Clause 23 — Disclosure of Information and Holding of Inquiries
Police (Northern Ireland) Bill [Lords]
Mr Alistair Carmichael (Orkney and Shetland, Liberal Democrat)
Like Mr. Mallon, I shall confine my remarks on this abundance of amendments to a few specific areas that, I understand, are likely to cause the House to divide, rather than trying to emulate the tour de force of Mr. Taylor.
I turn first to the amendments in the name of Lady Hermon and her colleagues, of which I am broadly supportive. The restoration of the fourth ground for the non-disclosure of information is in my view important. In moving the amendment, the hon. Lady referred to the Patten report and to paragraph 6.22 in particular. It is worth emphasising the terms of that paragraph, which states:
"The grounds on which the Chief Constable might question this requirement should be strictly limited to issues such as those involving national security, sensitive personnel matters and cases before the courts."
In my view, the important phrase is "such as". It is clear that the detection of crime or the apprehension of offenders is very much of the same nature as the first three grounds.
That takes me back to a point that I made yesterday about how we should approach the Bill. We must consider the signals that we send out. The House must ask itself what signal it will send out to the community in Northern Ireland if we say that we want to remove this ground—to do with the detection of crime or apprehension of offenders—from the Bill. Removing that ground would be a retrograde step. The hon. Member for North Down said that the list in Patten was descriptive and not exhaustive. She was absolutely right.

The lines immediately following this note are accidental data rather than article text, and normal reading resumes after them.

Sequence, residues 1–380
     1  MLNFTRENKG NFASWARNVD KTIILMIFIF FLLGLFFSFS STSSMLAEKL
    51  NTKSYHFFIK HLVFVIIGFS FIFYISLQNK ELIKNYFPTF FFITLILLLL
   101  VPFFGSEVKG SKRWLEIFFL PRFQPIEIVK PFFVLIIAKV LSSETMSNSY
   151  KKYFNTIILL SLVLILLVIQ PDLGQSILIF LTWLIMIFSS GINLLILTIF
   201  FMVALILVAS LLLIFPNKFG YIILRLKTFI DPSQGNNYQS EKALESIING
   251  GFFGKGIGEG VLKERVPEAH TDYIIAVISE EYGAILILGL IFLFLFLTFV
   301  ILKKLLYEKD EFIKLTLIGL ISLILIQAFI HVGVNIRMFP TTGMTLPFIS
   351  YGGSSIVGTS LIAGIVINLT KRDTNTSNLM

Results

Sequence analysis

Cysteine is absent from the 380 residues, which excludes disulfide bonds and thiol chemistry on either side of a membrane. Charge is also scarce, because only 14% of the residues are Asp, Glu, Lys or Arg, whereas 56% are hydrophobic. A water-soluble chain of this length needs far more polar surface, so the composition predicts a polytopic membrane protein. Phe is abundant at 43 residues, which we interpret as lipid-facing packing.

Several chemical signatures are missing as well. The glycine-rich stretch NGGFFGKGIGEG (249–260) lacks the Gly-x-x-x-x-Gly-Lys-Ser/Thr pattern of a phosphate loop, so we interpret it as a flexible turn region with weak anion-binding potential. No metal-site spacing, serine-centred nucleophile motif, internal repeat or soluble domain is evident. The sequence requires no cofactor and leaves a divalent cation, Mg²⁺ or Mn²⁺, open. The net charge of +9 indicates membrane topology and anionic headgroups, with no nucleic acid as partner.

The hon. Lady referred to the constitution of the special committees and reminded the House that the committees did not have their genesis in the Patten report. Yesterday, we spoke about sub-groups for district policing partnerships; today, we are talking about special committees. I am reminded of John Kenneth Galbraith's observation that the good Lord so loved the world that He sent His only son, and not a committee. Much of the Government's approach is bureaucratic and a little top-heavy. The special committees seem to be yet another layer of bureaucracy. I see no particular reason for them and I hope that the Government will reconsider their position.
The other matters on which I understand that the House may divide are Conservative amendment No. 86 and new clause 21. I made my position clear on this matter on Second Reading. The hon. Member for Newry and Armagh reminded the House that, although it is possible for the decision to be made by a minority of the total committee, it still requires a majority of those who are present and voting. We should not lose sight of that important point. For that reason, the Liberal Democrats will support the Government should the House divide on this point.